M.vaccae enters our bodies through the air that we breathe, so even those who stand nearby and watch someone else dig in the dirt and garden will benefit. This research would indicate that inhaling M.vaccae may be responsible for our feelings of well-being when we are being contemplative in the garden, too. Science also shares that the effects of the natural high seem to taper off after only three weeks.

To keep the natural boost going, it is recommended that we get into the garden as often as possible. Even a weekly dose of M.vaccae will help you continue to feel happy.

Here’s to digging in the dirt, feeling good and gardening mindfully.

© Rita Perea, 2015. All rights reserved.

New Moon photo for ICGA blog post Oct 2015

Life Changes? Release During the New Moon.

Writer, Hugh Prather, famously said, “Just when I think I have learned the way to live, life changes!”

In our modern, fast-paced times, pieces of our lives seem to change almost daily. Sometimes, within 10 minutes of waking up in the morning, we know we are in for a “white-knuckle ride” that day. We fasten our seat belts as we hold on for dear life.

When we experience a change in our life, whether it is happy and anticipated or sudden and unexpected, we all go through a pre-programed set of psychological stages as we learn to grieve the loss and embrace change. A strategy for releasing I suggest to my coaching and spiritual direction clients is identifying the loss the change brought about and then to develop a ritual to say goodbye to that loss.

Did you know our brains love patterns? Rituals are patterns we create and use for our well being and healing. Saying goodbye through ritual is a way of psychologically clearing and releasing old thought patterns and behaviors. It makes room to embrace the new way of life that is beginning to take shape.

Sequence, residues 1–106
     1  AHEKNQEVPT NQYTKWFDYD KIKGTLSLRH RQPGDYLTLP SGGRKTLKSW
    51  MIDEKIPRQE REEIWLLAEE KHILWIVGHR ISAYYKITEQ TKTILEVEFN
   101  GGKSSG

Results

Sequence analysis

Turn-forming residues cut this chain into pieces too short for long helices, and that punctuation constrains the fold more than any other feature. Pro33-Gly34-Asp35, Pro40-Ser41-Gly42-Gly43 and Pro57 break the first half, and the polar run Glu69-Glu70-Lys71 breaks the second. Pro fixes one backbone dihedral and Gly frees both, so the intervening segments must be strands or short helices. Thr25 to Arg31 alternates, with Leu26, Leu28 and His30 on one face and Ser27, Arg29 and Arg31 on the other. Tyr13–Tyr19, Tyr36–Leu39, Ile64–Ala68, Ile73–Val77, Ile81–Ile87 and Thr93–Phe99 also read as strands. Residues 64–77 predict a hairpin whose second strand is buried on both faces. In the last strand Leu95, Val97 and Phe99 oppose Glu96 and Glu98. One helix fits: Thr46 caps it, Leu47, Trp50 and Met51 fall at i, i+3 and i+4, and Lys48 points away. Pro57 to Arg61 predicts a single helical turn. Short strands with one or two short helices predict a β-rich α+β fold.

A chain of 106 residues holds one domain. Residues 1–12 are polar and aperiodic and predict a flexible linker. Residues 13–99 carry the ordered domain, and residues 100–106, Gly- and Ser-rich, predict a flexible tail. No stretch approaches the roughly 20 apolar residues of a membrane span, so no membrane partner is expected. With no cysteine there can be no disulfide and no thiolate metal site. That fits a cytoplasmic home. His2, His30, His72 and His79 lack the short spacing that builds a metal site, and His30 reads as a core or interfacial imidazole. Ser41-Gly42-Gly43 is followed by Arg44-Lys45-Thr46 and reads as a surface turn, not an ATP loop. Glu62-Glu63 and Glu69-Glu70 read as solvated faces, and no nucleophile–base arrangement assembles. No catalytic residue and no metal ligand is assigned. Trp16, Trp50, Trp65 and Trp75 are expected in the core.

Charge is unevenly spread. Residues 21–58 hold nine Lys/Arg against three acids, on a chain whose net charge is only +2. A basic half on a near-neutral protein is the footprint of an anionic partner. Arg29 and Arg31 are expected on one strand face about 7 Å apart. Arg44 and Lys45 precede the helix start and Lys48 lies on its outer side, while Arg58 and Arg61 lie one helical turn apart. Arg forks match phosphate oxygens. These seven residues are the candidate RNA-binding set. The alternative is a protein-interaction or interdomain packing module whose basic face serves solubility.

Symbolically, the new moon on the calendar is the ideal time of the month to say goodbye, to release, clear out the old and invite the new into our lives. This can happen physically, mentally, emotionally and spiritually. You know how good it feels to clean out a closet or organize your desk drawers? Saying goodbye in a methodical way, making the decision to move forward and embracing the new provides the same kind of feeling.

As a writer, I like the ritual of writing down, on a small piece of paper, the thought, feeling, person or item I am saying goodbye to as a result of the change in my life. I also set my intentions to welcome the new that is replacing the old. During the week of the new moon I close my eyes, verbally whisper my goodbye to the thing I have written on the paper. I’m able to release the loss and grief to the ethers by burning the slip of paper in my fire place (during winter) or in a large metal bucket in my backyard (during the summer months). I then turn my attention to and whisper a welcome to the new intention- that thought, feeling, person, situation or item I am grateful to invite into my life.

As we celebrate the new moon during harvest time this week, I invite you to give this a try. What have you got to lose? Except old emotional baggage.

© Rita Perea, 2015. All rights reserved.